In one of its most controversial moves,
the Works Progress Administration decided to provide jobs
for unemployed writers, actors, artists, and musicians.
The social content of the books, plays, and murals
produced by federal projects was anathema to
conservatives, but the level of achievement appears very
high as the decades have passed. At its peak the Federal
Theatre employed 10,000 people, over half of them in New
York City. Twelve million people attended its
performances there. Under the Project, many theatre
companies sprang up throughout the country as well. Many
of the Federal Writers' state and local guides have been
reprinted in recent years.
Hallie Flanagan, who had gained attention with her work
at the Vassar Experimental Theater, headed the Federal
Theater Project. The Special Collections Library has some
of her correspondence with Agnes Inglis, the first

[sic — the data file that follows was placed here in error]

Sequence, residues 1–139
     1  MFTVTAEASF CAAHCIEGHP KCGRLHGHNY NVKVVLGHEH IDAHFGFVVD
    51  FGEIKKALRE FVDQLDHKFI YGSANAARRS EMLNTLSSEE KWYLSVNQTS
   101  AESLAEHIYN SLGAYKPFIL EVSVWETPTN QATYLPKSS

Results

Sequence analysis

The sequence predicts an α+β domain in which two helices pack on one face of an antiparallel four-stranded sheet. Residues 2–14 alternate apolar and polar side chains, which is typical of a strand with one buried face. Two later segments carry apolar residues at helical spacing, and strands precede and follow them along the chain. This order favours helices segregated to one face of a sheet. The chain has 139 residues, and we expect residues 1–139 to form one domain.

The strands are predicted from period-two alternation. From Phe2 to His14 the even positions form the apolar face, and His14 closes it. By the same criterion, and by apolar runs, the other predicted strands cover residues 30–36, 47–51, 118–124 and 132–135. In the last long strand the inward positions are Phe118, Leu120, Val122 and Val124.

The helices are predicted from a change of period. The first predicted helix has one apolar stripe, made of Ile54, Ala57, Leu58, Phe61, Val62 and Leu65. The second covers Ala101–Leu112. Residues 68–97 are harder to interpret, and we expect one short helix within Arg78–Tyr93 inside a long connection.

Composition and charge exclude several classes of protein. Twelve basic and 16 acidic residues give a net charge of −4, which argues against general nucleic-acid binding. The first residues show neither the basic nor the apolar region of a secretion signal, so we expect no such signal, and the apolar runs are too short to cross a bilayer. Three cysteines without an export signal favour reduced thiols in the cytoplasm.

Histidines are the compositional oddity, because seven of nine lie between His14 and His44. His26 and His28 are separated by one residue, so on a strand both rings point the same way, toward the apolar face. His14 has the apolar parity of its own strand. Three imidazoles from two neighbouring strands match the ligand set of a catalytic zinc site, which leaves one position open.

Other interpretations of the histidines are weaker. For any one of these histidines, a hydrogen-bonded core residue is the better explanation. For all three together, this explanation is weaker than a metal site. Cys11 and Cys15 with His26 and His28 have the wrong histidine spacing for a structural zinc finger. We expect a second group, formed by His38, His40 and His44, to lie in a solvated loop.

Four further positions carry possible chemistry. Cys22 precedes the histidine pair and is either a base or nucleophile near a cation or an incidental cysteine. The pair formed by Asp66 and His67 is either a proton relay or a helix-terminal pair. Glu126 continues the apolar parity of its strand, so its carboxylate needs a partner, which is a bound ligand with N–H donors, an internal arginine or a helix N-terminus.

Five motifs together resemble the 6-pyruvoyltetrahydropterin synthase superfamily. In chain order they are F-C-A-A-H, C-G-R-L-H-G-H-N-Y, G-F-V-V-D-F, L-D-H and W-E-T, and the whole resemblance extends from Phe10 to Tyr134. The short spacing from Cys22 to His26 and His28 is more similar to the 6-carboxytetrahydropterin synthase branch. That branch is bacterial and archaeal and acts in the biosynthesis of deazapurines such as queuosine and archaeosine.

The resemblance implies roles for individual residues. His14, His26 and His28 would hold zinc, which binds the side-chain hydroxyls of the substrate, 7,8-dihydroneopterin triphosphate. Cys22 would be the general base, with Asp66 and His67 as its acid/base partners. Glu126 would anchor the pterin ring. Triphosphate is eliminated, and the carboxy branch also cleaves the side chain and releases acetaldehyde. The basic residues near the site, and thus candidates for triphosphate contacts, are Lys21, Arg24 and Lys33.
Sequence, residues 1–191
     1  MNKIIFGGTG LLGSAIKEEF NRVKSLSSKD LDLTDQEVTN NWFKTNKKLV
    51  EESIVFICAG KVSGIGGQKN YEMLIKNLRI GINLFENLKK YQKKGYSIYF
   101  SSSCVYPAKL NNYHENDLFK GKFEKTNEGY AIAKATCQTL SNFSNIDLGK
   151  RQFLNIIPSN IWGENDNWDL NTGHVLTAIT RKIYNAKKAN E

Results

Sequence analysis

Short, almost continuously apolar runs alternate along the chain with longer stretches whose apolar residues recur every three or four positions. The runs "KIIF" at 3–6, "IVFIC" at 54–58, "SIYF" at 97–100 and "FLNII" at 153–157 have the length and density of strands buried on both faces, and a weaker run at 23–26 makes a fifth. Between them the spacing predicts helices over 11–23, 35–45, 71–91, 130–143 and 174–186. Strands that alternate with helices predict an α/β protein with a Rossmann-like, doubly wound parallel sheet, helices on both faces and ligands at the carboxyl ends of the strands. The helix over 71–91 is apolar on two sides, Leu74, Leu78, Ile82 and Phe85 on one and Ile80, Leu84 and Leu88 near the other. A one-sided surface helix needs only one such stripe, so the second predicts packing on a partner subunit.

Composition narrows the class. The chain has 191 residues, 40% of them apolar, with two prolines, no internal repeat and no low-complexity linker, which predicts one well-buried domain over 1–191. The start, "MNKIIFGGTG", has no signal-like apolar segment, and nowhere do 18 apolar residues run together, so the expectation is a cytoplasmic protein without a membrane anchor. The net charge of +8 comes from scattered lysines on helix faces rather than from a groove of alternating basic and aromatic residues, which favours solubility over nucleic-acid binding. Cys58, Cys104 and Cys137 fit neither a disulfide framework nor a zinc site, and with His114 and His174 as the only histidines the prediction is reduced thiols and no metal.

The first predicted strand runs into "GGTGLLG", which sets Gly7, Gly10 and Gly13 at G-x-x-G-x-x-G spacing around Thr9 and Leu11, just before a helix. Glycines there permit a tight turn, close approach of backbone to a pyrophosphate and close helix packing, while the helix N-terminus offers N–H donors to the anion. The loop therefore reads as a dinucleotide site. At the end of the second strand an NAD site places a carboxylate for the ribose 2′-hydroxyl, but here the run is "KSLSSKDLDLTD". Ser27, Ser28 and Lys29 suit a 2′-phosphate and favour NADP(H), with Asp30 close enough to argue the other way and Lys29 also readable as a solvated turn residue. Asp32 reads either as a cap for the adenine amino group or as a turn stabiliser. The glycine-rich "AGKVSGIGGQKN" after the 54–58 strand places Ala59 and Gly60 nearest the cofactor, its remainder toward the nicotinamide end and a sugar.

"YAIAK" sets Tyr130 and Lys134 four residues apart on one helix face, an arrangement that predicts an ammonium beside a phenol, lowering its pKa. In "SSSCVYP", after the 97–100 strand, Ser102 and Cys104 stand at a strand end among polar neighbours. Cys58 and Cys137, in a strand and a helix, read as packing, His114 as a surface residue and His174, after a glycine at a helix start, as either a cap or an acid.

curator of the Labadie Collection, and with Professor
Kenneth Rowe of the English Department at the University
of Michigan, who promoted the plays of students in his
courses here and worked for ties with the Federal
Theater. Flanagan returned to Vassar in 1939, became Dean
and Director of Theatre at Smith College in 1945, and
retired in 1952.
Hallie Flanagan appeared less spirited when she was
admonished by the Dies Committee for such productions as
One Third of a Nation by seventeenth-century
playwright Christopher Marlowe. It was at this hearing
that Congressman Joe Starnes of Alabama asked if Marlowe
was a Communist and wanted to investigate him. See
Thirty Years of Treason: Excerpts from Hearings before
the House Committee on Un-American Activities, edited
by Eric Bentley (Viking, 1971).